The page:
What is true in the legend of the red telephone, the line that communicated the United States and the USSR

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The tense relationship between the United States and Russia over the war in Ukraine has brought to the fore an old Cold War myth: the direct communications link between Washington and Moscowpopularly known as the “Red Telephone”.

Hollywood creations, like the movie ‘Red phone? We fly to Moscow‘ (1964), give credence to the legend. But is there any truth to all this? Could the heads of the major nuclear powers communicate instantly over a secure line?

The Washington-Moscow direct line is born

The idea of ​​a system of direct communication between the United States and the Soviet Union (now Russia) had arisen in the early 1960s, but the Cuban missile crisis in 1962 highlighted the urgent need to address the issue.

At the dawn of the conflict, it took the United States almost 12 hours to receive Nikita Khrushchev’s 3,000-word message to establish an initial agreement and defuse tension. When Washington issued his response, Moscow had sent another one with much harsher conditions.

In view of the risk that existed due to delays in communications in critical situations, and to avoid a possible military outcome involving the use of nuclear weaponsthe two countries signed the Direct Line Agreement in June 1963.

In 1963, guidelines were established to create a direct communication link between Washington and Moscow.

The document established initial guidelines to “establish direct communication as soon as technically feasible” so that the United States and the Union of Soviet Socialist Republics could communicate “in times of emergency.”

At that time, the request to establish a secure international communication represented a real challenge. The first generation of the line between Washington and Moscow used, in part, the TAT-1, the world’s first transatlantic telephone cable.

Although the cable had certain protections that guaranteed its reliability, the system also had a radio backup system. Physical communications were cut several times. For example, when a Danish excavator operator damaged the cable while working.

Hotline Direct Line United States Soviet Union 1 2

The line began operations on August 30, 1963. It had four sets of Latin-alphabet teletypes in Moscow and four sets of Cyrillic-alphabet teletypes manufactured by Siemens in Washington. These were located in strategic buildings in each country.

As it was communications with highest security rating a device called Electronic Teleprinter Cryptographic Regenerative Repeater Mixer II was used, which was in charge of protecting the line with a single-use cryptographic system.

To guarantee its operation, the line was tested periodically. While the American test messages included excerpts from William Shakespeare, Mark Twain, and encyclopedias, the Soviet ones contained passages from the works of Anton Chekhov.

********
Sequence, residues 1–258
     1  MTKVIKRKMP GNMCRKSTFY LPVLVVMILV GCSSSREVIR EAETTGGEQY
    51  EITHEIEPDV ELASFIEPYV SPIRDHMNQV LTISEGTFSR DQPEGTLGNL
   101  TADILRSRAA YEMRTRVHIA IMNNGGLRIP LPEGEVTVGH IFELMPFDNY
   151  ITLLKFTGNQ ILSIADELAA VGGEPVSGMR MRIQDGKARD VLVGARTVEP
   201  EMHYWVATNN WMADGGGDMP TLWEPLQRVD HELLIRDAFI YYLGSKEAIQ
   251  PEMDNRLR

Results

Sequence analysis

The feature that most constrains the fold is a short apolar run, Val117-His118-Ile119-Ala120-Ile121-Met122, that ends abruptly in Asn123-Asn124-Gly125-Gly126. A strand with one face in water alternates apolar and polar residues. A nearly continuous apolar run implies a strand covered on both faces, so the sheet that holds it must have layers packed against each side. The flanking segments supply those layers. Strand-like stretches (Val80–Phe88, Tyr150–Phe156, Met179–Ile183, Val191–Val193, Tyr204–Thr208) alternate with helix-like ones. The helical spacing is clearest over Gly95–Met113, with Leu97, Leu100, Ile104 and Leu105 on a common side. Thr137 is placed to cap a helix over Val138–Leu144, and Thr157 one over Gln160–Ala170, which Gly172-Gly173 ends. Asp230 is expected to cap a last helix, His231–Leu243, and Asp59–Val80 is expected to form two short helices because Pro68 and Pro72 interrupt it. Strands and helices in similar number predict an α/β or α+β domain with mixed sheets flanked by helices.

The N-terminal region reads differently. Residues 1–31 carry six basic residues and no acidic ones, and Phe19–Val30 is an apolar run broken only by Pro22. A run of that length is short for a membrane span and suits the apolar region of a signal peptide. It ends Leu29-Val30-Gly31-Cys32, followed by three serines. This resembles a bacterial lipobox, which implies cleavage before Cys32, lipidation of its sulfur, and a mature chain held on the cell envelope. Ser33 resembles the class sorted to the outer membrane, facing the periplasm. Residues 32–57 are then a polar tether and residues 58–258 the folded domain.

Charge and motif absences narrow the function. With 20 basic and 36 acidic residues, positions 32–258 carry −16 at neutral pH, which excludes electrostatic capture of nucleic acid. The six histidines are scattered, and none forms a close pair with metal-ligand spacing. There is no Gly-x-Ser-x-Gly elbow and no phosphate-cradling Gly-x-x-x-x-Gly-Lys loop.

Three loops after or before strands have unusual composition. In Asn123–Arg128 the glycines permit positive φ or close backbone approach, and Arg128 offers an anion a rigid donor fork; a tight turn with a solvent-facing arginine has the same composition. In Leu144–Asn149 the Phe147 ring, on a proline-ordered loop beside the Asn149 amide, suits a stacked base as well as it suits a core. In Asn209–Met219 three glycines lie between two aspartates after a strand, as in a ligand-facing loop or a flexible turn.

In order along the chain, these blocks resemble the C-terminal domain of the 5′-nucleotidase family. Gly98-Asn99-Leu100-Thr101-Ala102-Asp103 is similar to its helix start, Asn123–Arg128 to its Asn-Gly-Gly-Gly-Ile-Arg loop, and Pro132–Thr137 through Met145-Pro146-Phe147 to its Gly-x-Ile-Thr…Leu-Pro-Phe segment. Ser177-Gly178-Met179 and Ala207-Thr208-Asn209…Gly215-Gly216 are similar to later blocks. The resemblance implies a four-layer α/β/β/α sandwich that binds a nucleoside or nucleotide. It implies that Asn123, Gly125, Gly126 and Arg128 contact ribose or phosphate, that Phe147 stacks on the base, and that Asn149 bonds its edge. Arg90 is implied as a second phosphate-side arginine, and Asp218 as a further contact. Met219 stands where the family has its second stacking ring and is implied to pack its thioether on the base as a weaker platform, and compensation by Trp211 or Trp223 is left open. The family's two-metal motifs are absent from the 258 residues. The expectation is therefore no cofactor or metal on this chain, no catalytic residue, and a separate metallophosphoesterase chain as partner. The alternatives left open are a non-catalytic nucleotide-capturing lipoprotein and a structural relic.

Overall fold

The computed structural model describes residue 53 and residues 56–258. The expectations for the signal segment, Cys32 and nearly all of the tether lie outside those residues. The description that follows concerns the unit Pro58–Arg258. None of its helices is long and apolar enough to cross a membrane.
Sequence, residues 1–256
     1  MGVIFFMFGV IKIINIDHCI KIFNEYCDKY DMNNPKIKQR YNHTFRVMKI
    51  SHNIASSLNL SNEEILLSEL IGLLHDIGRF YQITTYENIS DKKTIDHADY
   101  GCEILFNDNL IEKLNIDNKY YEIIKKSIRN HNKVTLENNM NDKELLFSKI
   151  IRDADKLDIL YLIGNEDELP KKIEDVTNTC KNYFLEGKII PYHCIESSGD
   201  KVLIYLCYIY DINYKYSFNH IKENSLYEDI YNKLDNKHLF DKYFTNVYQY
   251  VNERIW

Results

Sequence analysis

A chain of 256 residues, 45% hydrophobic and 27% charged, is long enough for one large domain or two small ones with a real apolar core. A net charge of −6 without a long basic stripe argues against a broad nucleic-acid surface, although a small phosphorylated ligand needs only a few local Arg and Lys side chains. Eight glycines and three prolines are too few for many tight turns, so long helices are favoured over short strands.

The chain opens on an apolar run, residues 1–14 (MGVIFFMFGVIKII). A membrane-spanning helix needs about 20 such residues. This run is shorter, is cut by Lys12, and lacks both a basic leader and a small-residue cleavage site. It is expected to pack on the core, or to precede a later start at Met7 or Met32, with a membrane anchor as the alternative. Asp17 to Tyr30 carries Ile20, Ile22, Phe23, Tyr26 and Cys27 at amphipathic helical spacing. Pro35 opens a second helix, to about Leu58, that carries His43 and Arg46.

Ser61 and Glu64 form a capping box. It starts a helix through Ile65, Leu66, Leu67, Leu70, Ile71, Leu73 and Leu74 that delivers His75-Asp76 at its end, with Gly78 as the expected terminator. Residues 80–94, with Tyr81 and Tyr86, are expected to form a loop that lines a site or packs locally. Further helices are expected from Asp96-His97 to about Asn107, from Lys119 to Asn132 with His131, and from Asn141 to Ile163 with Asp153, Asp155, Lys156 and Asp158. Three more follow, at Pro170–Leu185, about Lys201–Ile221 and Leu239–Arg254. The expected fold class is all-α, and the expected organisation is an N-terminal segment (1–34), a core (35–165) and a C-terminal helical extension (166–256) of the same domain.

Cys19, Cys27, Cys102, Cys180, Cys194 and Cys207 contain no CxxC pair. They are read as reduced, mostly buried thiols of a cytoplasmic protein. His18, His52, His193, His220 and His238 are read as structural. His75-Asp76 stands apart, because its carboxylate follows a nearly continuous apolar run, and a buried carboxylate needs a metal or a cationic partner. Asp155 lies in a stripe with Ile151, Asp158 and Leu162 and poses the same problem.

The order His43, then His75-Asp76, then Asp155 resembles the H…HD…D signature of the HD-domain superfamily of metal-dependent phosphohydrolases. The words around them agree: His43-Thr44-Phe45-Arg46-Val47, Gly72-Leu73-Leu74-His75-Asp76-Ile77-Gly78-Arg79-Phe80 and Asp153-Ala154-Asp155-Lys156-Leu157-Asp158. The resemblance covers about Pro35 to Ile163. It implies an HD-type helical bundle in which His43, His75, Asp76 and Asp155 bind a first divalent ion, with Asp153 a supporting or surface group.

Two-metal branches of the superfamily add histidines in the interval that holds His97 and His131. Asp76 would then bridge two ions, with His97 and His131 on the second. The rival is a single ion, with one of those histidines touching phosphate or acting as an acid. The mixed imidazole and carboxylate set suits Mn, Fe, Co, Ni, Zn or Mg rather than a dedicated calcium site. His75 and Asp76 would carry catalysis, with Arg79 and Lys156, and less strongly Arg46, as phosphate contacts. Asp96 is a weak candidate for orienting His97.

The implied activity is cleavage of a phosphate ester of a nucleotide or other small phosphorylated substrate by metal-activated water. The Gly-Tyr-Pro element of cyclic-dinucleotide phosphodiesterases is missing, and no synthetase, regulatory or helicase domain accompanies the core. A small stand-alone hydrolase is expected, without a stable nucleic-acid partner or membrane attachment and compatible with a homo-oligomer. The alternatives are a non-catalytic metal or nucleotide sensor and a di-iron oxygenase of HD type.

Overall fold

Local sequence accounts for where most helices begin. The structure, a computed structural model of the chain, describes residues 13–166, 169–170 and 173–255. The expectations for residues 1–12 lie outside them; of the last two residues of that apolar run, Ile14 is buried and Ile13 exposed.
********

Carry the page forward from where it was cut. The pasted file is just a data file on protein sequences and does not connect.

updates arrive

By the early 1970s, communications had advanced substantially. As a result, Moscow and Washington agreed to upgrade the system to start using secure satellite links and maintain the backup land line.

The first update was launched in 1971. The United States decided to use two Intelsat satellites and the Soviet Union two Molniya II satellites.. Later, in July 1984, the system gained the ability to send messages by fax, and the teletype stopped working in 1988.

In whose hands are the world's communications satellites

In 2008, the Moscow-Washington hotline applied its last major update, which is still active. The communication system adopted a dedicated computer network to send written communications between both countries that involved satellites and fiber optics.

Hotline Direct Line United States Soviet Union 1 3

Throughout its history, the line received various updates but, contrary to what legends and film culture say, it never involved phone calls between the leaders, so the “Red Phone” as such does not exist.

However, a product of popular culture, at the Jimmy Carter Library and Museum a red phone is displayed what represents the direct line between Washington and Moscow.

The first official use by the United States occurred after the assassination of President John F. Kennedy on November 22, 1963. The Soviet Union officially launched the system on June 5, 1967 during the outbreak of the Six-Day War. .

Pictures | pixelbay | Wikimedia Commons | cryptomuseum| US Department of Defense

The tense relationship between the United States and Russia over the war in Ukraine has brought to the fore an…

The tense relationship between the United States and Russia over the war in Ukraine has brought to the fore an…

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